‘Iron Man 3' (Blu-ray)
The third film in the “Iron Man” trilogy deals with the fallout from “Marvel's The Avengers,” as Tony Stark (Robert Downey Jr.) comes to terms with that and other issues in his past.
The film starts on New Year's Eve 1999, as a pre-Iron Man Tony Stark blows off nerdy scientist Aldrich Killian (Guy Pearce) in order to put the moves on botanist Maya Hansen (Rebecca Hall). Stark is egotistical and dismissive but doesn't see any reason this is a problem. But 14 years later, Killian makes a visit to Stark Enterprises to pitch a new technology called Extremis to Pepper Potts (Gwyneth Paltrow). Extremis can alter the internal systems of any organism, which Pepper finds to be an ethical shortcut.
Stark gets pulled into world affairs when a bombing injures Stark security chief Happy Hogan (Jon Favreau). A terrorist called the Mandarin (Ben Kingsley) claims credit, and Stark ally James Rhodes (Don Cheadle) is given a star-spangled armor called Iron Patriot to track down the villain. But that's not enough for Stark, who calls out the Mandarin on national TV. This doesn't end up being the smartest of moves, and by mid-movie, Stark is defeated, abandoned, and without his suit of armor.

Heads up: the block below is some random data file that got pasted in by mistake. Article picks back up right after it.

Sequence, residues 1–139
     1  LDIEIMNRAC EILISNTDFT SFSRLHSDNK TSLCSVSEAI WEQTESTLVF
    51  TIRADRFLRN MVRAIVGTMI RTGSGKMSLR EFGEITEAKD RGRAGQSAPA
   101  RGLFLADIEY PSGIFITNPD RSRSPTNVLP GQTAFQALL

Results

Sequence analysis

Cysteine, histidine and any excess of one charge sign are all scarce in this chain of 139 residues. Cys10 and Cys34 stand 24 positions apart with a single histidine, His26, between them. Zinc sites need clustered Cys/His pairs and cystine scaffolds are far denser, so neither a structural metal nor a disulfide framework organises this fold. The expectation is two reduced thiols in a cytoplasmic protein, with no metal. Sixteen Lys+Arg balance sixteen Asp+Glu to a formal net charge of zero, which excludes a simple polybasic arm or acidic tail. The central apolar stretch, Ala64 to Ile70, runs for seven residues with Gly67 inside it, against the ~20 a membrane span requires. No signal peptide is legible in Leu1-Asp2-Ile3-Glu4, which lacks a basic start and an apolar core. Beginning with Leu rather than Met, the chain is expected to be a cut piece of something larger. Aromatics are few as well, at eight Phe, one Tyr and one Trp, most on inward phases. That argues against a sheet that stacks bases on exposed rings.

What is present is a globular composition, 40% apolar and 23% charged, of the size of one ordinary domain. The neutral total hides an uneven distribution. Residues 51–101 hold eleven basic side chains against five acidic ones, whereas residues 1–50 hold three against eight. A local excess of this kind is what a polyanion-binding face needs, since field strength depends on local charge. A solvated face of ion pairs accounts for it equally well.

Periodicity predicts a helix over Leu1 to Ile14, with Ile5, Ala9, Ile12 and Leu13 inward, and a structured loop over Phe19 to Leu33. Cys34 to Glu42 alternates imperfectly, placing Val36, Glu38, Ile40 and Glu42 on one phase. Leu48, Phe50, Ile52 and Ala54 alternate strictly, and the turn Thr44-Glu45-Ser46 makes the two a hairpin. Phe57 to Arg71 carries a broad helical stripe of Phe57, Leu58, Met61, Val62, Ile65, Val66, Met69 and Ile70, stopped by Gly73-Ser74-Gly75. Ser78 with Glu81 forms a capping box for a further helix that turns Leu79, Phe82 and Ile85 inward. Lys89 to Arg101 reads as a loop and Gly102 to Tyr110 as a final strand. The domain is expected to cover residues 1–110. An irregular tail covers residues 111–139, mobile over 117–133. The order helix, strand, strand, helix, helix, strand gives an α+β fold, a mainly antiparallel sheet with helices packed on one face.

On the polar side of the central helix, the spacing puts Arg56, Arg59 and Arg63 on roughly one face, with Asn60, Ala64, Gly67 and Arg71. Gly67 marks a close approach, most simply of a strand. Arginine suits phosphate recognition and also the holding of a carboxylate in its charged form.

Without his protective shell, both literally and metaphorically, Stark must figure out the mysteries of the Mandarin and Extremis, while dealing with the effects of the events of the past year. One unlikely ally is Harley (Ty Keener), a boy in Tennessee with a talent for tech and a precocious attitude.
Potts, meanwhile, shows some pep as more than Stark's girlfriend, but as a powerful character in her own right.
Shane Black directs, and provides a bit of buddy-cop fun between Rhodes and Stark in a film that has an '80s action feel inside a modern superhero wrapper.
The film's best extra is the Marvel one-shot short film “Agent Carter.” This stars Agent Peggy Carter (Hayley Atwell) from “Captain America: The First Avenger” in a postwar intelligence position. Great writing and acting make this a fun romp, and reports are the strength of the one-shot have Marvel and company considering an “Agent Carter” TV series.
Other extras include deleted and extended scenes, an audio commentary with co-writers Drew Pearce and Shane Black, and a preview of the upcoming Marvel film “Thor: The Dark World.”
— Matthew Price